|Recently, HPAI H5N1 appeared again in Vietnam, after relatively successful efforts to eradicate it with culling and vaccinations. Is this re-introduction from commercial activity or migratory birds, or had the virus never left, but had been hidden in a reservoir and is now re-emerging? Current signs are while there might be some introduction due to trading, re-emergence is probably a bigger problem. According to Robert Webster, the virus is found in domestic ducks which do not get sick, but become long-term shedders. More importantly, the virus is undergoing ongoing antigenic drift, with multiple variant strains being commonly found in one duck now. Crucially, the HPAI virus has not been found in migratory birds in recent months.
The role of the domestic duck in perpetuating HPAI is now increasingly recognized. The following maps from this paper Free-grazing Ducks and Highly Pathogenic Avian Influenza, Thailand, Gilbert et al, 2006 illustrate the correlation between HPAI outbreak and free-grazing domestic ducks. Notice how both chicken and duck outbreaks correspond geographically to breeding of domestic ducks but not chickens.
In addition, when compared to the production of rice crop, HPAI outbreak areas also correspond to areas producing 2 or more crops a year, while areas producing single crops did not experience any outbreaks.
What does that tell us? Rice growing needs a lot of water, as the paddies need to be flooded for much of the crop cycle. Fields that are only rainfed can only yield one crop a year, while irrigated plots can support 2 or more crops. Now, if you are raising ducks, you can give them commercial feed, or you can turn the ducks out onto the fields, and they can feed naturally on the pests during the growing period and on the left-over grains after the harvest. If you live in areas with year-round rice cultivation, it is possible to breed ducks entirely by `herding' them onto paddies and letting them graze there, hence the name `grazing ducks'.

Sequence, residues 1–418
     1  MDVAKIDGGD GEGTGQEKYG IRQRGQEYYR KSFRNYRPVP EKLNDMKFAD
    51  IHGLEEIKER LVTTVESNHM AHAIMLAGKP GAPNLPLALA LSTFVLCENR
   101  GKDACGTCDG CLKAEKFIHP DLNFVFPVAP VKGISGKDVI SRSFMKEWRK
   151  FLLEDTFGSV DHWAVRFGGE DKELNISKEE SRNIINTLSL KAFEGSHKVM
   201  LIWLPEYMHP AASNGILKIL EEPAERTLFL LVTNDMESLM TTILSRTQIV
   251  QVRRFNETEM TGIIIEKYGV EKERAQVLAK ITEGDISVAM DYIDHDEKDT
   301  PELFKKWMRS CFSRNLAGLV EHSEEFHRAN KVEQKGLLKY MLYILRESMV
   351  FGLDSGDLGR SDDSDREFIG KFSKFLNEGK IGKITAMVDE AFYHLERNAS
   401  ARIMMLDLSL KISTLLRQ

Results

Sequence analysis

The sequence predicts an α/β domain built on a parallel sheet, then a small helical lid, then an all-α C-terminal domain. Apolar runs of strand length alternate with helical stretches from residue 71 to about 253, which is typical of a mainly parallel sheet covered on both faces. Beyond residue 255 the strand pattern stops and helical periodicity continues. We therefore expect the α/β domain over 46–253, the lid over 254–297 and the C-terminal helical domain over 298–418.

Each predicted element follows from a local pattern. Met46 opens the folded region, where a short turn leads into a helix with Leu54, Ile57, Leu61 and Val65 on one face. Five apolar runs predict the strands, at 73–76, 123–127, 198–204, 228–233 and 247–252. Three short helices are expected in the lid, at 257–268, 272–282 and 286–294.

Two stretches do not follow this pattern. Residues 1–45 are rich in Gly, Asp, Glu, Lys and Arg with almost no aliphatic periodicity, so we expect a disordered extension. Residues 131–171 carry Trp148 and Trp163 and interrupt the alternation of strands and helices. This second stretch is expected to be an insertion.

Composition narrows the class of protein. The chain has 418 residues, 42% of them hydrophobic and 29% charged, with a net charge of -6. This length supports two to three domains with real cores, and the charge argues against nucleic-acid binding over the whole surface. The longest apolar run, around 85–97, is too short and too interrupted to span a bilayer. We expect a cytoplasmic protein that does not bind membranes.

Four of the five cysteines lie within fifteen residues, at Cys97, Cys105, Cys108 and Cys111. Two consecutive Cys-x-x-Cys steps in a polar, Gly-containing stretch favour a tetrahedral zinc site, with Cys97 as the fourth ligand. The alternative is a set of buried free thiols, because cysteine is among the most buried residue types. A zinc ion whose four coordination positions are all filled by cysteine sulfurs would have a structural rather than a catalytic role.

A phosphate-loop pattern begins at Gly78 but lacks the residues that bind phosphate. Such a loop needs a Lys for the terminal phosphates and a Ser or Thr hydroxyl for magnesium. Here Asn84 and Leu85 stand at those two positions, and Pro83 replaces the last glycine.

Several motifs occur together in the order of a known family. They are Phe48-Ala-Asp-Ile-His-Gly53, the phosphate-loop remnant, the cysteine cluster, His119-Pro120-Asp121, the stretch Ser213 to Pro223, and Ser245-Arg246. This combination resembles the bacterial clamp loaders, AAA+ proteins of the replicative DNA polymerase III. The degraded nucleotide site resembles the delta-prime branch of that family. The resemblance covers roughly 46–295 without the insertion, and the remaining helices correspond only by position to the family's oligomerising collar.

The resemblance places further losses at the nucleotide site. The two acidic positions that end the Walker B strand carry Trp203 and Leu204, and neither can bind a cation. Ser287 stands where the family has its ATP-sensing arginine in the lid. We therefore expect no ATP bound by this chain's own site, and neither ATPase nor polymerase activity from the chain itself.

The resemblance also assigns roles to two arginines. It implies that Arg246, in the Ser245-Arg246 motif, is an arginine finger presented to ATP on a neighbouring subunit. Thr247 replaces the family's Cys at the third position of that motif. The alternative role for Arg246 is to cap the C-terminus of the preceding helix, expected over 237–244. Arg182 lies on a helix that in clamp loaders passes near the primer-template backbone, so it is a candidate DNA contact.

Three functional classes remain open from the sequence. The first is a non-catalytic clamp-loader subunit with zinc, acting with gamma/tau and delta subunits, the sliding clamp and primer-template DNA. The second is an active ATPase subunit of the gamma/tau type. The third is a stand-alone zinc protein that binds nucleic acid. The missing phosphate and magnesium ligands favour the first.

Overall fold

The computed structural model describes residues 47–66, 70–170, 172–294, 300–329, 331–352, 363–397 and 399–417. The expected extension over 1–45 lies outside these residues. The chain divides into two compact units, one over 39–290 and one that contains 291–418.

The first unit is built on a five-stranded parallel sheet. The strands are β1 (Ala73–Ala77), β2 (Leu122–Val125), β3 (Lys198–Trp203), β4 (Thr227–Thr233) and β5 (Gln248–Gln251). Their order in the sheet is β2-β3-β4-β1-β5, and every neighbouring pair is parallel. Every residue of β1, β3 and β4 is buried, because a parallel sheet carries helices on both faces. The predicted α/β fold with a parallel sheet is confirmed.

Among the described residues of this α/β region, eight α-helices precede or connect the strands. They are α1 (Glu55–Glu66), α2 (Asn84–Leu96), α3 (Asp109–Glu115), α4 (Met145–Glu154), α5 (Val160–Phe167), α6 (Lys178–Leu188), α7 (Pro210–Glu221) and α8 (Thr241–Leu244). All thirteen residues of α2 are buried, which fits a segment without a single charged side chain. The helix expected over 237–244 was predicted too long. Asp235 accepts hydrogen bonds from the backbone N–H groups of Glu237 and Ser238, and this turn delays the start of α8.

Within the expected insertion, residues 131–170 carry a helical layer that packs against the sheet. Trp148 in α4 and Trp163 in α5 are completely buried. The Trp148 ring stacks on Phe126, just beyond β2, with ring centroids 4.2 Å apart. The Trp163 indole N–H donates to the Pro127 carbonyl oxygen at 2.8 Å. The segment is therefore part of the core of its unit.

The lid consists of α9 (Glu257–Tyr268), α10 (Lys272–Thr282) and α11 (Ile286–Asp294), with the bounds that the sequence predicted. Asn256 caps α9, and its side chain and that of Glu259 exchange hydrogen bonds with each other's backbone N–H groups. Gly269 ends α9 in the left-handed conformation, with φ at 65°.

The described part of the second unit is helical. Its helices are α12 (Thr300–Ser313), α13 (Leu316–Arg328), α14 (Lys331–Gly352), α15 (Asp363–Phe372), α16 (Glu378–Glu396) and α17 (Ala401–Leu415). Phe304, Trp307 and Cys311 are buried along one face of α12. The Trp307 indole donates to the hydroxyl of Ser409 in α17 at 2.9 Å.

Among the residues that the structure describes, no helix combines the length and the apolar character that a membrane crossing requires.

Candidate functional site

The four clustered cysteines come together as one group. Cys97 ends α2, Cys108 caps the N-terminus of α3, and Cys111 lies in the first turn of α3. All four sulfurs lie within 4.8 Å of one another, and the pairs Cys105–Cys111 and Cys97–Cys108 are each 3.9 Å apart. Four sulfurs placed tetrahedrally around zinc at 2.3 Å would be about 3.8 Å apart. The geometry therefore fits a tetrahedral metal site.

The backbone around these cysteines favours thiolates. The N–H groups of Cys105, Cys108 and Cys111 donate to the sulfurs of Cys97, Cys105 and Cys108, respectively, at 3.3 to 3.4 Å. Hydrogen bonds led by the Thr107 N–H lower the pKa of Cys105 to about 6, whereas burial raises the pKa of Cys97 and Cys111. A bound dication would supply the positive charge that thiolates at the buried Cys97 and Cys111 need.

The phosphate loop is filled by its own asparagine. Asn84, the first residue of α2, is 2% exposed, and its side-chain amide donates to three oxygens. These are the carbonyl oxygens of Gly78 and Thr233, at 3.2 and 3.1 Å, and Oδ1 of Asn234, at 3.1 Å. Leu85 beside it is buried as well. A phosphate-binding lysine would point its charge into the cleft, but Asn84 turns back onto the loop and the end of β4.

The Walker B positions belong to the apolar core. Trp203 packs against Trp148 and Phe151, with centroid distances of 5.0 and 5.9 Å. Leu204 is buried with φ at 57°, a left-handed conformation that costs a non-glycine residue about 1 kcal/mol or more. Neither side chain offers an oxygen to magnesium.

Lest you imagine that ducks are just grazing at paddies down the road, in reality, the pressure for profit means that farmers often herd their ducks over long distances to graze at paddies. Here is an example from Domestic Ducks and H5N1 Influenza Epidemic, Thailand Songserm et al, EID, 2006, showing how ducks are transported over long distances.
(Caption for above: Example of grazing-duck movement. A single flock of ducks was moved 3 times by truck in 1 season in 2004. The size of the flock is 3,000-10,000. The time spent at each site depends on the availability of rice fields at the site: an acre of rice could support 3,000 ducks for 1 to 2 days. The duck owners have agreements with the landowners regarding the time of harvest and the acreage available. One flock could spend as long as 1 month at a single site before being moved to the next.)
The above studies tell us that HPAI outbreaks are associated with the breeding of grazing ducks, and places with multiple rice crops per year are more likely to support these ducks than single crop areas. The movement of ducks over long distances of course perpetuates the problem.
What this means, interestingly, is that you can more-or-less predict where HPAI is more likely to occur by looking at charts of the distribution of double-crop areas. There are now various technologies available to do satellite remote sensing of landscape to monitor the use of land, including in particular the presence of rice paddies. Here is an interesting study Combining remote sensing and ground census data to develop new maps of the distribution of rice agriculture in China, Frolking et al, Global Biogeochemical Cycles, 2002.
Which brings us to the question of the emergence of HPAI H5N1 in southern China in the past decade, which I've been wondering about for a long time. The question that I had was why southern China? This may be giving us a clue. In addition, look at the following chart showing the tremendous growth of duck meat production in China.